Oath Keepers Lawyer Compares COVID Vaccines to Holocaust
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Lawyer for Oath Keepers Likens COVID-19 Vaccines to Holocaust, Despite Federal Judge’s Order to Drop ‘Bombastic’ Language and ‘Fringe’ Theories

Oath Keepers Stack formation

Oath Keepers approach the U.S. Capitol in “stack” formation, prosecutors say in this indictment of nine members. The arrow points to Florida chapter leader Kelly Meggs.

Two weeks after a federal judge warned him to tone down his “bombastic” language and keep “fringe” views out of his court, a lawyer for two Oath Keepers members wrote a legal brief likening COVID-19 vaccines to the Holocaust.

Counsel for Oath Keepers Florida chapter leader Kelly Meggs and member Kenneth Harrelson received an unmistakable instruction from U.S. District Judge Amit P. Mehta to not turn his courtroom into a forum for conspiracy theories about the coronavirus pandemic.

“The court will not allow this case to become a forum for bombastic arguments […] or propagating fringe views about COVID-19 or vaccinations,” Mehta wrote in a minute order, telling the Oath Keepers’ lawyers not to file a document with the proposed chapter heading “SCOTUS Could Not Have Foreseen the Holocaust.”

“To this court’s knowledge, the D.C. Department of Corrections does not require any person held there to accept a COVID-19 vaccine,” the order continued. “If that is the intended basis of Defendants’ motion, they must file a brief of no more than five pages (excluding exhibits) establishing such a mandatory policy before the court will accept a longer filing.”

The Oath Keepers’ lawyer Bradford L. Geyer originally requested permission to file a 129-page document. Judge Mehta kept him to a 45-page limit, which the attorney honored. But Geyer neither shelved the Shoah analogies that the judge flagged as “bombastic” nor dispensed with the “fringe” viewpoints.

In his legal brief, the lawyer criticized the 1905 Supreme Court decision of Jacobson v. Massachusetts, which held more than a century ago that vaccine mandates are legal and constitutional.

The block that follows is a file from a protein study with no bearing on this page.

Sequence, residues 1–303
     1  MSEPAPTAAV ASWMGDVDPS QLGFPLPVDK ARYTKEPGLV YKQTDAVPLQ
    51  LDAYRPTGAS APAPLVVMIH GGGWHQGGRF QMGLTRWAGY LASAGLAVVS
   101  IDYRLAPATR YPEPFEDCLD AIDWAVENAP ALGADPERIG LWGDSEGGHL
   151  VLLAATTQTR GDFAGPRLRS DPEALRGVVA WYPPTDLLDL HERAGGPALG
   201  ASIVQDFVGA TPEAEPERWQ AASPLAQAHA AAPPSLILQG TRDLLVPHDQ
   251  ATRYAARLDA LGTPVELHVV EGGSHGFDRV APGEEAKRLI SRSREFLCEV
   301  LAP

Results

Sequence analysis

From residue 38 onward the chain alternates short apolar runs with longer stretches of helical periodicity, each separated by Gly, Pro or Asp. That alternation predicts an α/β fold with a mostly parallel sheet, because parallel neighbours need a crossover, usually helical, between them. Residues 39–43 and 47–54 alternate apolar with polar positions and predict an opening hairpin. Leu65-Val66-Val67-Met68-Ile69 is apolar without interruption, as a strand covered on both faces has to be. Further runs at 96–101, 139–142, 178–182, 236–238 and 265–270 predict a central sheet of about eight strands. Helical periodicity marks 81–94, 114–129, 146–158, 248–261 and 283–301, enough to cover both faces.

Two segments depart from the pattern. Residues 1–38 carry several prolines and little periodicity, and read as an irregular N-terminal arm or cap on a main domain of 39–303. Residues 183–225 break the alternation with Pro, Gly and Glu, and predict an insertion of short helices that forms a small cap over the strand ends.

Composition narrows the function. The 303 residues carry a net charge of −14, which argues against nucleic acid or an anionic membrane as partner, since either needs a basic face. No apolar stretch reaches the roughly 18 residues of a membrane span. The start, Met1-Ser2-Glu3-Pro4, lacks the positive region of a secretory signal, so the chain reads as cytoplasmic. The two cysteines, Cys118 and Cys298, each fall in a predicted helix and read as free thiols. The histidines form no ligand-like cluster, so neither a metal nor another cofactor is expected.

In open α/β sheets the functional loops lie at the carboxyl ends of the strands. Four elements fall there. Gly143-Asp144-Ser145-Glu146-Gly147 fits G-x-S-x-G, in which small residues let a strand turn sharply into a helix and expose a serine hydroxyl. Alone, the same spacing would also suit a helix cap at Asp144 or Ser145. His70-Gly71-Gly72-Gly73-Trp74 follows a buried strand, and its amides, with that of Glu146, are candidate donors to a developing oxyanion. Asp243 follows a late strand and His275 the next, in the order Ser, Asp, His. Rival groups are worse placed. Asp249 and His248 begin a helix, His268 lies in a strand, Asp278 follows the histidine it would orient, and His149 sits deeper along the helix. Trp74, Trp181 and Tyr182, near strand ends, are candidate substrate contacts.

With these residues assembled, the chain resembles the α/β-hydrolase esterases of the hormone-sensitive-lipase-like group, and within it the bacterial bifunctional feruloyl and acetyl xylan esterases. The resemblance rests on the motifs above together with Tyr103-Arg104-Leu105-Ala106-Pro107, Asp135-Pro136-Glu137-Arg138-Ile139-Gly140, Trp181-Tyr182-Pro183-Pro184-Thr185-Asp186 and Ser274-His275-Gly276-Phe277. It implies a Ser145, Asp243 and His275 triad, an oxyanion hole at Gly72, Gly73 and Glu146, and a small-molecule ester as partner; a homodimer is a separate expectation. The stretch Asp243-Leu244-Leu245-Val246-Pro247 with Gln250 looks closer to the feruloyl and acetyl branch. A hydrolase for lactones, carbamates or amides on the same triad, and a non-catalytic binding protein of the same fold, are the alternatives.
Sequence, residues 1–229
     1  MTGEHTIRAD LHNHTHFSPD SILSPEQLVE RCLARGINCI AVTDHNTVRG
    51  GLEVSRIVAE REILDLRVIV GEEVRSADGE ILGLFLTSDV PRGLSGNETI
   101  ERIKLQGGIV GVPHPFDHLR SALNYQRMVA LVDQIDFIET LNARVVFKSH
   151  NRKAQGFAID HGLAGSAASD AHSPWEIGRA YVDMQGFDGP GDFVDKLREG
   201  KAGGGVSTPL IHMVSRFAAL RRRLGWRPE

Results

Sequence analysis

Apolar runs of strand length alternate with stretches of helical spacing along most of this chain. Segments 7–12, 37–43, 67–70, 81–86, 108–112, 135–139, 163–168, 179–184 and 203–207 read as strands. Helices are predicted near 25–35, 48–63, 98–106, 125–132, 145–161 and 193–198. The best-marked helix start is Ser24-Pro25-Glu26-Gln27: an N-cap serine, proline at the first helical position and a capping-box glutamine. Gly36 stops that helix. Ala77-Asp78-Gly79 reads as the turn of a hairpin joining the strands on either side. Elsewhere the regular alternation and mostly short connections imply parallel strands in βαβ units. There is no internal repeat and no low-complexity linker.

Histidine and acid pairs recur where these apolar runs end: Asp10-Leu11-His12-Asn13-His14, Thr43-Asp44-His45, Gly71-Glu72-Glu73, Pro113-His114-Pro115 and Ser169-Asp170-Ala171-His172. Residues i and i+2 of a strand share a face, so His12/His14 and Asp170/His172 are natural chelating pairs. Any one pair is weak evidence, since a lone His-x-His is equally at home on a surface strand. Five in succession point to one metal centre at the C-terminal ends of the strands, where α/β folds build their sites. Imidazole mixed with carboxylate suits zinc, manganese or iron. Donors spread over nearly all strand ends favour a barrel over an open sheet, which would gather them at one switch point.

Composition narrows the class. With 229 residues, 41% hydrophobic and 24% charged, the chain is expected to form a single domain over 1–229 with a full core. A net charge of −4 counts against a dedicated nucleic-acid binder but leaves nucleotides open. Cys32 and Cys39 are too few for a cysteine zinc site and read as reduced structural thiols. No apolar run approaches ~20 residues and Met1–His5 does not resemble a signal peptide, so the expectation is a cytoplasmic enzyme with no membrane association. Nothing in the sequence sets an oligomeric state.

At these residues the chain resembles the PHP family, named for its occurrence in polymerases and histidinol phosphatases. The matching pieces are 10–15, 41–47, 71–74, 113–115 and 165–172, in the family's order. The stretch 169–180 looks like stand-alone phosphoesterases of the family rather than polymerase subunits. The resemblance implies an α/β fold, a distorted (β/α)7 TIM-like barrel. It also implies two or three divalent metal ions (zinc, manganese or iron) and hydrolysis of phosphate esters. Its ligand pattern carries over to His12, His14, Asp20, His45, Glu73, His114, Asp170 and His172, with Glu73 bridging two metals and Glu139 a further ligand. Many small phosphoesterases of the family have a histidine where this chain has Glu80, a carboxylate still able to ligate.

“U.S. Courts afford almost mythical qualities to Jacobson—a decision issued before the genocide and Holocaust of WWII, horrors so profound that all civilized nations came together and promulgated Nuremberg protocols, unanimously adopted at every level of society and affirmed and reaffirmed in international law,” Geyer wrote.

The Nazi regime murdered six million Jews and millions of others belonging to persecuted groups. Yale researchers estimate that COVID-19 vaccines have saved some 279,000 lives as of this past July alone.

Drawing an analogy between the two, the Oath Keepers’ lawyer adopts the rallying cry for anti-genocide campaigners to signify that the Holocaust must never be repeated.

“The post-WWII world cried with a terrible cry, ‘Never again!’ yet courts have thus far spectacularly failed in their charge, and American jurisprudence must redeem itself in the face of great peril,” wrote Geyer, using the same language denounced by the Anti-Defamation League for “trivializing” the genocide.

The barbarism of Nazi medical experimentation on unwilling Jews and others—including high-altitude experiments, freezing experiments, malaria experiments, mustard gas experiments, poison experiments, forced sterilization, and other brutalities—inspired the Nuremberg Code principle of informed consent.

Invoking the history that led to the convictions of 16 Nazi doctors—seven of whom were executed—the Oath Keepers’ lawyer compared the regime’s medical experimentation to life-saving COVID-19 vaccines, the latter of which were approved in clinical trials on consenting people.

“Death camp survivors, some of whom were victims of involuntary experimentation, are keenly aware of what the 1905 Jacobson court could not have predicted: that when totalitarian regimes operate within a permissive environment, horrific outcomes are sure to result,” Geyer wrote.

The lawyer invoked totalitarianism in defense of clients associated with an extremist militia and accused of conspiring to obstruct the congressional certification of Joe Biden’s election as the democratically elected leader of the United States, in order to install the losing party, ex-President Donald Trump, for another term.

Geyer requested Meggs and Harrelson to be released to home confinement, on the grounds of preventing their inoculation against a virus that has killed more than 750,000 people in the United States.

Read the defense brief, below:

(Photo via court papers)

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Law&Crime's managing editor Adam Klasfeld has spent more than a decade on the legal beat. Previously a reporter for Courthouse News, he has appeared as a guest on MSNBC, BBC, NPR, PBS, Sky News, and other networks.